If you’re worried about clarity, passive voice, and other in-depth editing matters, using the Hemingway editor lets you put your story under the microscope. Hemingway also grades your readability and will give suggestions on phrasing, sentence length, and word use. You can check your story before you publish it, and simply copy and paste the text right back into Vocal once your work has been edited; or, you can check the text of a previously published story of yours to see where you can improve clarity for future stories. Hemingway is very ernest in its commitment to always being free.

This is a handy tool that searches over 50 sources of high-quality stock photos at once, using AI to determine quality and giving you access to a huge pool of professional images. Vocal’s integration of Unsplash makes it fast and easy to find what you’re looking for without having to leave the editor—but if you’re having trouble finding just the right image, or you want a larger selection to choose from, Everypixel is a great option that allows you to search 22 free image sites, or 29 databases of paid images, ranging in price depending on source and image size.

If you want to make custom graphics for yourself, maybe with some snappy, easy-to-read text with your name or a pull quote from your story, Canva makes it incredibly easy to make gorgeous images even if you’ve never even thought about graphic design before. There are endless templates that you can customize to give your stories a fresh, unique look, all for free.

Need more options than Canva provides? Check out Get Stencil. There’s a free version that lets you make up to 10 images per month as well as a pro version that’s $9 per month and gives you access to nearly endless fonts and image resources.

There’s a block quote format option built into Vocal’s editor that can make your quotes pop. However, if you want to turn a quote into an image, Quotes Cover has beautiful templates to choose from, all for free. If you don’t have a lot of other visual elements in your story, this can be a fun way to make the story more visual.

If you have data that you want to make clear and easy to convey, PiktoChart will let you create infographics easily. You can then download your graphics as image files and add them to your Vocal story; or, you can generate a shareable link to your graphic, and then paste the URL into an embed module. This works particularly well if you have any interactive features in your graphic, like “Read More” buttons to click or a presentation to scroll through. You’re not limited to graphs and statistics, though; visually appealing newsletters, case studies, highlight graphics and more can make your data digestible and your story look super professional, too. The free version of PiktoChart will give you a lot of options, but if you want it all, you can go premium for as low as $12.50 per month.

If you’re a YouTube creator or podcaster, transcribing your videos and audio files is a great way to quickly reimagine your work. Vocal has partnered with Sonix, an effortless transcription software, which means that Vocal creators can try the AI-powered tool for free. You can learn more about how creators can take advantage of Vocal’s partnership with Sonix here. After the trial, as a Vocal creator, you can get the annual professional plan for just $29.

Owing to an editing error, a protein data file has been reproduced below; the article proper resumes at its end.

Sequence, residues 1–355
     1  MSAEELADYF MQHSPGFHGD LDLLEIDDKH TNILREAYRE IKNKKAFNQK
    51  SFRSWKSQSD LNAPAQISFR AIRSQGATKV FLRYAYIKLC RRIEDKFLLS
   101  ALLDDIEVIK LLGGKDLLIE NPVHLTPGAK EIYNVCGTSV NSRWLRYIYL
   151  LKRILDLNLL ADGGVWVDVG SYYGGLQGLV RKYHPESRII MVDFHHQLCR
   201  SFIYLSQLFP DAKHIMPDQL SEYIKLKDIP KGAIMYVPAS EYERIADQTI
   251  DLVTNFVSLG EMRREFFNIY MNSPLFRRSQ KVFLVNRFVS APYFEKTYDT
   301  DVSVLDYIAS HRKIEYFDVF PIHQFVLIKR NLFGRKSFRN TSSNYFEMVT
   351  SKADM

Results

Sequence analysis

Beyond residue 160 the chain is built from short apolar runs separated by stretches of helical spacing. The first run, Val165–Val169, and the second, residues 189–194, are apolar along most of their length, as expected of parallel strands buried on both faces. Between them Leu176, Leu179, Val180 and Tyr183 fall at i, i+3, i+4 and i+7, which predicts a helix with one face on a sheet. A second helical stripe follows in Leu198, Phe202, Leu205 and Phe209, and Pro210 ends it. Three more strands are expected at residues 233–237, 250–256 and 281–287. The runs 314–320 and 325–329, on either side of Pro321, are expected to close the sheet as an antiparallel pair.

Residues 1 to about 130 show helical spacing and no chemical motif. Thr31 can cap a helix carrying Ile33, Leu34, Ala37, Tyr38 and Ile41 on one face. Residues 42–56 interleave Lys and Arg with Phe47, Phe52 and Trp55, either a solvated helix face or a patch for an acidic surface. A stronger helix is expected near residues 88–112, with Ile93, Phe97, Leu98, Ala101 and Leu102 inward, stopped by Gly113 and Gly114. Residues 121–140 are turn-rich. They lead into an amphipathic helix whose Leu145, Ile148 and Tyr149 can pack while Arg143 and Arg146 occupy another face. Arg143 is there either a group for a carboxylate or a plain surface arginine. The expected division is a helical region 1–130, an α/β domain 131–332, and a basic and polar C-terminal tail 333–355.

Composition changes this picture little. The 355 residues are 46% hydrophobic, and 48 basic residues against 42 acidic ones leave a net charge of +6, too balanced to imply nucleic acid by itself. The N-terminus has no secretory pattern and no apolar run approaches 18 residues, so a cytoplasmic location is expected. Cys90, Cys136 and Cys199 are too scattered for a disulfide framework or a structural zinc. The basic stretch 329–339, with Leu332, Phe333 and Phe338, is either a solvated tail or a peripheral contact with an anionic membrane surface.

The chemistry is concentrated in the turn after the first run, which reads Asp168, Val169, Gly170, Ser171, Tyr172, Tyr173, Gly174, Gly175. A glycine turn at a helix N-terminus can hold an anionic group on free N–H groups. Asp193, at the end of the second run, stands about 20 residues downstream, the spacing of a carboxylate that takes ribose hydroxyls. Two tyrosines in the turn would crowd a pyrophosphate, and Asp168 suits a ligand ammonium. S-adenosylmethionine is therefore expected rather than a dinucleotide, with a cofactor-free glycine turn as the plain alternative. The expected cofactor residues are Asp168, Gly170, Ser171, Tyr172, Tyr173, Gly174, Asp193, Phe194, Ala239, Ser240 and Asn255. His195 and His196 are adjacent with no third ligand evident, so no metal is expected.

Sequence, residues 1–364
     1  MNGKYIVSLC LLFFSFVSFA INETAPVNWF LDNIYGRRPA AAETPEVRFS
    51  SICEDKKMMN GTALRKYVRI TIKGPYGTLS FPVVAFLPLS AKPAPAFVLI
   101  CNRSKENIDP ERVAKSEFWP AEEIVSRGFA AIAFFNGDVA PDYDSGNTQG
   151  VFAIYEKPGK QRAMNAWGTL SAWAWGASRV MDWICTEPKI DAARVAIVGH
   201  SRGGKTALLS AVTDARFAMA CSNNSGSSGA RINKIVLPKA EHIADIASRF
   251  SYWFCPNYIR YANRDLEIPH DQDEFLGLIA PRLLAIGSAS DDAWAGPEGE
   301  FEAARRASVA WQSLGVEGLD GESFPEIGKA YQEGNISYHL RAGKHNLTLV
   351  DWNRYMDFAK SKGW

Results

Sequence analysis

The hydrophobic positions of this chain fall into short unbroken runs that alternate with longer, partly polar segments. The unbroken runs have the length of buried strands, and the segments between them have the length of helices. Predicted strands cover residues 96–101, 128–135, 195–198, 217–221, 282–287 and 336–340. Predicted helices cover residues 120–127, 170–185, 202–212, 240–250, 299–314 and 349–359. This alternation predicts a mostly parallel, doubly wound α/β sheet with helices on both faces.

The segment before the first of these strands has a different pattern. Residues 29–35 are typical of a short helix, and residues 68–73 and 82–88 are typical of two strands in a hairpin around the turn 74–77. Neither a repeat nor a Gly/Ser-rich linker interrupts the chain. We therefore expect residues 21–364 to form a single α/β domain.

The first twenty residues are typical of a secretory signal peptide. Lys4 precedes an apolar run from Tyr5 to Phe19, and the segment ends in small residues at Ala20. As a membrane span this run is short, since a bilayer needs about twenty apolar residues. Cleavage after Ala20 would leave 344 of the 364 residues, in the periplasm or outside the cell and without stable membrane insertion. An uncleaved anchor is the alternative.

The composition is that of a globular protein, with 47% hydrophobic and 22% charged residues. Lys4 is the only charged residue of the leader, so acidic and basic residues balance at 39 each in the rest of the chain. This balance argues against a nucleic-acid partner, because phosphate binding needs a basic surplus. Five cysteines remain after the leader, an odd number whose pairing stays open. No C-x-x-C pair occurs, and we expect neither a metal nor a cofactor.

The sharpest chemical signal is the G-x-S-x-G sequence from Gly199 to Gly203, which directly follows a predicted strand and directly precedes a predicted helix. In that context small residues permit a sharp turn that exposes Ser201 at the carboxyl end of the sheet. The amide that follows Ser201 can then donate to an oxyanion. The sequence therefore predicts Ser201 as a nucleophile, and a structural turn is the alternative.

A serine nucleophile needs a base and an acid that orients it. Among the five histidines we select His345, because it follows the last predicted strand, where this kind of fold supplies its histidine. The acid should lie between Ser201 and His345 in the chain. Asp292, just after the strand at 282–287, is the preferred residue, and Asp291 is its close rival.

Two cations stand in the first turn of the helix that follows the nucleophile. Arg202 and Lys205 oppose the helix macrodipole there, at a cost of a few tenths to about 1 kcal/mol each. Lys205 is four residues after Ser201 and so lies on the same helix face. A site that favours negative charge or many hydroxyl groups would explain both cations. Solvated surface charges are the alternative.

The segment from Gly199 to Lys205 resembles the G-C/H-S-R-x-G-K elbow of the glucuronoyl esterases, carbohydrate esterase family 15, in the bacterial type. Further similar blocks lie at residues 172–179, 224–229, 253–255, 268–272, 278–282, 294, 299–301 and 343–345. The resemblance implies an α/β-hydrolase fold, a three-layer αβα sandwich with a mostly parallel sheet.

Quora

Browse Quora, a question-and-answer based community, for questions related to your area of expertise. You can help people by writing answers to their questions—you can even boost your engagement by mentioning that if they want to learn more, they can read your story on the topic, and you can link a relevant Vocal story you’ve already published. Quora is a free community.

Search around on Reddit to find subreddits relevant to your interests and frequent writing topics. Here, you can find inspiration for your Vocal stories, connect with people who have the same interests, or answer questions like on Quora if you see any threads from users seeking answers. Share valuable information in your comments and include a link to a relevant Vocal story you’ve written. Reddit is always free.

When you’re on a quest to create valuable stories that will help people, answering common questions is a great strategy to come up with content ideas. At no cost at all, Answer the Public lets you enter a keyword and provides you with dozens of frequently searched questions that can give you an idea of what people need answers to.

Search for your topic for free in Google Trends, and you’ll be able to see the search volume of related phrases and keywords that you can use throughout your story, making it clear that you’re well-versed in the world of your subject while also boosting SEO value. Google Trends will also show you some interesting data about the popularity of your search in different regions, so you can easily identify the right target audience.

If you need a perfect reaction that a stock photo just can’t capture, look for high quality GIFs on Giphy. You can search for just about any keyword and get hilarious results that will make your stories pop and your readers laugh. Giphy is always free and GIFs are a great way to draw your reader into your work and hold their attention until the very last end.

With these resources to help you brainstorm new ideas, stay organized, and edit your work, you’re well on your way to creating successful Vocal stories.

tips and guides
Vocal Team
Vocal Team
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Vocal Team